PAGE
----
Every once in a while, we catch a rare glimpse of these manifestations. U.S. Chief District Judge Richard Cebull’s e-mail and equivocations provided the latest example. Sent an admittedly racist and misogynistic email, Cebull chose to promote it to others. And when caught having forwarded the disturbing message, Cebull tried to distinguish the email’s content from his intent and his act from his character, demonstrating a profound misunderstanding of racism and sexism.
I know that I certainly would not feel comfortable having him decide a case involving me- or anyone I know for that matter. I would probably be able to make a case- as would anyone who has spoken out against him- for recusal. I would feel suspicion and mistrust- and fear. Not the feelings a Federal Judge should engender….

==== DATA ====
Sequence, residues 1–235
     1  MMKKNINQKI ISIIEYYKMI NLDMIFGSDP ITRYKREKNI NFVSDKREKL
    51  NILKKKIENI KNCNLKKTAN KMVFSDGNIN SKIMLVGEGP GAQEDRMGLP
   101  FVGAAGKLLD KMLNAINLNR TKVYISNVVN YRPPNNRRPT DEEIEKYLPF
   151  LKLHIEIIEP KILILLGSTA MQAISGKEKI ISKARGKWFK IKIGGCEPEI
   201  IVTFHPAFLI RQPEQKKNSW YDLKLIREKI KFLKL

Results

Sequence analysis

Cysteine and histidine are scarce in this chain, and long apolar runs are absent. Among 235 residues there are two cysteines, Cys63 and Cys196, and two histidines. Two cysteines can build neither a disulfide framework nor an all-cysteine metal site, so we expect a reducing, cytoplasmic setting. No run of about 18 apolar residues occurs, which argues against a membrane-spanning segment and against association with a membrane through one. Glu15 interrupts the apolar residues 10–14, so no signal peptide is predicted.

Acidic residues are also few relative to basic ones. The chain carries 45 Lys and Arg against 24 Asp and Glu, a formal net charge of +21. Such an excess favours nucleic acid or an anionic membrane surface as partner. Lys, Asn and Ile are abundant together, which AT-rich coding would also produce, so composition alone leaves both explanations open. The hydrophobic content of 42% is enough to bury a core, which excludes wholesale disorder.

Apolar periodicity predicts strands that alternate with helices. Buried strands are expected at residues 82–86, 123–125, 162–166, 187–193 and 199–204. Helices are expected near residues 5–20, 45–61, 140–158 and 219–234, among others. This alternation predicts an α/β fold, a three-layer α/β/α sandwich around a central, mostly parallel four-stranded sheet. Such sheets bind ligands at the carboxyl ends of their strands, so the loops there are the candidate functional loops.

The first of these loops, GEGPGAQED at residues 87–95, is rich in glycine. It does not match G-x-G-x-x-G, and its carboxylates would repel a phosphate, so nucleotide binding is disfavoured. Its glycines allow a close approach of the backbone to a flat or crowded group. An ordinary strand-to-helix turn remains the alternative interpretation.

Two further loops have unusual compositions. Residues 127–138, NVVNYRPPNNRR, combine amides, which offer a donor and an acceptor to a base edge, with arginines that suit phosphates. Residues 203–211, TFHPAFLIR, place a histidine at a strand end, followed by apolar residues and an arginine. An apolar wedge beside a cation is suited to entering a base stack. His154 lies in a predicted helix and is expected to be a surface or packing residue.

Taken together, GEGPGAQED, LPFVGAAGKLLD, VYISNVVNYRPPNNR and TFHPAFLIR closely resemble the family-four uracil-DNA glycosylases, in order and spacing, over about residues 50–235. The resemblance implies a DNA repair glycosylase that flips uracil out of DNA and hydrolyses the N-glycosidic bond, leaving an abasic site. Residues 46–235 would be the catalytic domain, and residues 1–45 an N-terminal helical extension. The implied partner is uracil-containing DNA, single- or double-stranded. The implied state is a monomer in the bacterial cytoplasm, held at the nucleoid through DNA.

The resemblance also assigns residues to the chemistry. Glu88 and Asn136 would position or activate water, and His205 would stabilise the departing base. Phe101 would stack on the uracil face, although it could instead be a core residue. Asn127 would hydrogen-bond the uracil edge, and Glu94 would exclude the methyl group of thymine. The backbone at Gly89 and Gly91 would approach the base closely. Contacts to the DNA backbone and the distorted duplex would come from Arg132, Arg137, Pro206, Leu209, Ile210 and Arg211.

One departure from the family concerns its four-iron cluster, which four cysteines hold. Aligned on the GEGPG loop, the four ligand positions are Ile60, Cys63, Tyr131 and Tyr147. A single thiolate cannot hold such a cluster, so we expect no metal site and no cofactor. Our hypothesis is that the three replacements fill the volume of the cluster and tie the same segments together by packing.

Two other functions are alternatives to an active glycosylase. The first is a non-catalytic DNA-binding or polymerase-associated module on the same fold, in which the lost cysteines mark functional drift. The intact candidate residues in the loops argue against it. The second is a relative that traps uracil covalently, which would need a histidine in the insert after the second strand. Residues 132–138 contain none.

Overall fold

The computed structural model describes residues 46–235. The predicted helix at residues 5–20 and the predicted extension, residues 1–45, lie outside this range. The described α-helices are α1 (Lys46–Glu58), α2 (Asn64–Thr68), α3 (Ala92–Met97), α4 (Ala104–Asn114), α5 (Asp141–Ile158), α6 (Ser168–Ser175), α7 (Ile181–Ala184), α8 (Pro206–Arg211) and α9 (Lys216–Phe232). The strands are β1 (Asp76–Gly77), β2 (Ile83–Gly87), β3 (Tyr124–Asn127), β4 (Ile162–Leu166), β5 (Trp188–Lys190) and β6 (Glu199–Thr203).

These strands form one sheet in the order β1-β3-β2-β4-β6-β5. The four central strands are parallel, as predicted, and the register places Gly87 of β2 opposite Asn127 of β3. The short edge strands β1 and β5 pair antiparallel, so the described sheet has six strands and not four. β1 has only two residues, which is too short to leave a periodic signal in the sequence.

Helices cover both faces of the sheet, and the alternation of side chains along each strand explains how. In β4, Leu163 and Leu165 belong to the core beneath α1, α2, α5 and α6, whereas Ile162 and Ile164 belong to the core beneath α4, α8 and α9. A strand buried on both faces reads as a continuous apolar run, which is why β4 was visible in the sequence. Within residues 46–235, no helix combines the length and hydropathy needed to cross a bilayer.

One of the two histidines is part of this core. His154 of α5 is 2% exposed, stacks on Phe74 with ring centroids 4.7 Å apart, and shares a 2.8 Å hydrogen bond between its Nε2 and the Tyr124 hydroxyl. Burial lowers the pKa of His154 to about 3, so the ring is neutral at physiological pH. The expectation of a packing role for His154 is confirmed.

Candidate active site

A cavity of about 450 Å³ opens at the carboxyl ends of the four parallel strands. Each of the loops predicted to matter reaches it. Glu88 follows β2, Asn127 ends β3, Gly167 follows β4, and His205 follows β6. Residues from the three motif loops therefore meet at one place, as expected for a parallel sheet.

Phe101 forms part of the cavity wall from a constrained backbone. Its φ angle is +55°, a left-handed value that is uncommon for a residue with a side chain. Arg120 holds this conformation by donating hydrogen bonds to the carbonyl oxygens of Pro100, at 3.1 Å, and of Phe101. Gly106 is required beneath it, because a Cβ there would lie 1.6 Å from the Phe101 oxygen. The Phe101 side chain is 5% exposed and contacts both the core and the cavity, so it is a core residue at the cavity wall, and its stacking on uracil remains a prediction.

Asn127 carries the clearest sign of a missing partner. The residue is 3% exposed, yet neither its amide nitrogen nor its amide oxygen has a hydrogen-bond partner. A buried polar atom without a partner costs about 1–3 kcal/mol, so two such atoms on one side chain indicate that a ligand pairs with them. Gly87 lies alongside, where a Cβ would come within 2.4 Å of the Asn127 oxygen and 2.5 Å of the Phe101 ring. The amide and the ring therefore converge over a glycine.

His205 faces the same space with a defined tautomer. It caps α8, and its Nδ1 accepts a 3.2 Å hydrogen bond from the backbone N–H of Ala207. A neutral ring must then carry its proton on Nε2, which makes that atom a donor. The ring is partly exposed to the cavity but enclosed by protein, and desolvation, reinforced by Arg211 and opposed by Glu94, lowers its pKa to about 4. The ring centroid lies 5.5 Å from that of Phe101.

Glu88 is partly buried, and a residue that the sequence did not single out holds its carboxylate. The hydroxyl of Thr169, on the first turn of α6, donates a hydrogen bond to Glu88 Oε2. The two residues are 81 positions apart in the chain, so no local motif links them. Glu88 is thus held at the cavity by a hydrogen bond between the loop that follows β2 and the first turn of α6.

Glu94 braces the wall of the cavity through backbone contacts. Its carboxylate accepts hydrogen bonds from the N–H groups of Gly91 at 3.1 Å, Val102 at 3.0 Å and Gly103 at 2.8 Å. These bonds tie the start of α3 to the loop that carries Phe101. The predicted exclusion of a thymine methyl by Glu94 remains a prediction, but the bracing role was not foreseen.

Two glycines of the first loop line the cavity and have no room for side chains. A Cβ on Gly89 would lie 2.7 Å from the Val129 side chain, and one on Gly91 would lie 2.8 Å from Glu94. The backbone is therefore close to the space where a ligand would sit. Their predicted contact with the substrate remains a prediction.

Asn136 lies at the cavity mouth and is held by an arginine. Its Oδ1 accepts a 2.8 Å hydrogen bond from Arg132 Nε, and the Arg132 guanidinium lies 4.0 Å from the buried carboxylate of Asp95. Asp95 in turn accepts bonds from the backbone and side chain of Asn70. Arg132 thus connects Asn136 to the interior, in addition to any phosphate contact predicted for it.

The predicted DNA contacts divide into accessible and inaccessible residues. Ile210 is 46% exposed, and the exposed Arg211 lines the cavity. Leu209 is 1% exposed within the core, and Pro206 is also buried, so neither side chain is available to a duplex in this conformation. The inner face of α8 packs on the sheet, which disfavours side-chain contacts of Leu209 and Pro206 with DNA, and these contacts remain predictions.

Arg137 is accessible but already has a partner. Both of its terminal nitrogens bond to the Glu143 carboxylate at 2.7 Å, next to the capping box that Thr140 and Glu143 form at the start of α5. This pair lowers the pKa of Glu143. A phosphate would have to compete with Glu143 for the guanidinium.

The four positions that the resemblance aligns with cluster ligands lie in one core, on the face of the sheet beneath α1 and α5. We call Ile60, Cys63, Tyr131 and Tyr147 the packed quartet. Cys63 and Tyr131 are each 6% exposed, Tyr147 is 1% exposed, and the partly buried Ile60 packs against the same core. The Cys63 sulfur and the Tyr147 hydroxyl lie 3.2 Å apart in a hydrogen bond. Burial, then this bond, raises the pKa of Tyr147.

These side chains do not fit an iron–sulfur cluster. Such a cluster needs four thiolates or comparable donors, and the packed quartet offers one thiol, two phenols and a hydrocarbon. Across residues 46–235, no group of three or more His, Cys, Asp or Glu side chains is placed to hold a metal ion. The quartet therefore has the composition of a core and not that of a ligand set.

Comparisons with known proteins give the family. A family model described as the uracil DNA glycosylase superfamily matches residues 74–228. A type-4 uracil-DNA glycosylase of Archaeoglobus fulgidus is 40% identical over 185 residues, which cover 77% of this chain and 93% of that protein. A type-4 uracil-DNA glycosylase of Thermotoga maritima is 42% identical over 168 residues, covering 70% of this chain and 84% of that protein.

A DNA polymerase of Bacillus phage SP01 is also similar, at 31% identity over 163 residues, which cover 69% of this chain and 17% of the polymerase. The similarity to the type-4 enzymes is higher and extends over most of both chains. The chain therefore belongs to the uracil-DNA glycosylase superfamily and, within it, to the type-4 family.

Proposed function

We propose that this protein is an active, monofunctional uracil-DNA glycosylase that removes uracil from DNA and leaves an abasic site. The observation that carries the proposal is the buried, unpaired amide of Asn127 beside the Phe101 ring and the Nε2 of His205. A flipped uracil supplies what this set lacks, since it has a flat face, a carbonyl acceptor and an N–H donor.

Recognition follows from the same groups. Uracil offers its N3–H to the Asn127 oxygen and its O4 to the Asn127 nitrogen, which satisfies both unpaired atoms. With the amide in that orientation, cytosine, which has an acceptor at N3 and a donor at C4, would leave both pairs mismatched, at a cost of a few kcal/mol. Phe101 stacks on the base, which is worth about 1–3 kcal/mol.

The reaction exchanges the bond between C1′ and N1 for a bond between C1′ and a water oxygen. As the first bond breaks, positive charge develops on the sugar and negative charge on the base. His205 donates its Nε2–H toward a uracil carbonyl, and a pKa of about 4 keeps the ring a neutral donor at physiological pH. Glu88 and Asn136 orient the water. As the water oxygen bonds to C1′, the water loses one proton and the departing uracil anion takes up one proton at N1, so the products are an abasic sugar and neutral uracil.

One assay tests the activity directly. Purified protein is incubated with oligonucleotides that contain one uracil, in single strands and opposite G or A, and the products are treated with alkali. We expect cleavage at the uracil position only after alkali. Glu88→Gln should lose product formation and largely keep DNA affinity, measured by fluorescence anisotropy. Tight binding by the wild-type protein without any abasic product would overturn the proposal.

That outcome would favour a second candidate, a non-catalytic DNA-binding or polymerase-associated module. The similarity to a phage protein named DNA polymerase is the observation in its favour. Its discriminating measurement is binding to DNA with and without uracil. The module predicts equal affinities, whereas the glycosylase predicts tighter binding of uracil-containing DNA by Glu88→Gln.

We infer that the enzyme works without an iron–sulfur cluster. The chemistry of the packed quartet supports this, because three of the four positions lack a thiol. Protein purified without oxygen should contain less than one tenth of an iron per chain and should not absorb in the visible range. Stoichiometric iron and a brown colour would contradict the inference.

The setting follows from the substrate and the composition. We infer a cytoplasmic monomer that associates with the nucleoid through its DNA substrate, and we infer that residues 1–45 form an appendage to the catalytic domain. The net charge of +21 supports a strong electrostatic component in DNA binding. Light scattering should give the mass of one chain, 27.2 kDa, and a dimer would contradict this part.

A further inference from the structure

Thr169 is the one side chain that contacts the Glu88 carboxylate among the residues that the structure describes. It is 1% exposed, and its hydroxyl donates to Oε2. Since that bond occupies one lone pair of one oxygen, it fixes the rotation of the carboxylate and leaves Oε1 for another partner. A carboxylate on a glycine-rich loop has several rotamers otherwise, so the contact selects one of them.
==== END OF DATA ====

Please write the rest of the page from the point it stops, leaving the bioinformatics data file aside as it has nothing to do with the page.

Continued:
We acknowledge Cebull’s contributions to our profession. We also hear his contrition and recognize that we have all made mistakes. But his is not a simple lapse in judgment or momentary moral failing. As a federal district judge – the chief judge of Montana – the consequences of his actions are that racial and ethnic minorities, women and even people with whom he disagrees politically now have clear reason to question his ability to be fair and impartial when they appear in his court. The cynical may even try to exploit his revealed biases.
Cebull has irreparably compromised his ability to promote the independence, integrity and impartiality of the United States District Court in Montana.
Agreed. I just hope we can do something about it.
A.J. Otjen, University of Montana Professor and 2010 GOP Congressional Candidate has an Op-Ed in the Missoulian that flies in the face of the arguments by Treasure State Politics about LGBT rights (see previous post) and takes on the Montana GOP’s Notorious Platform Plank: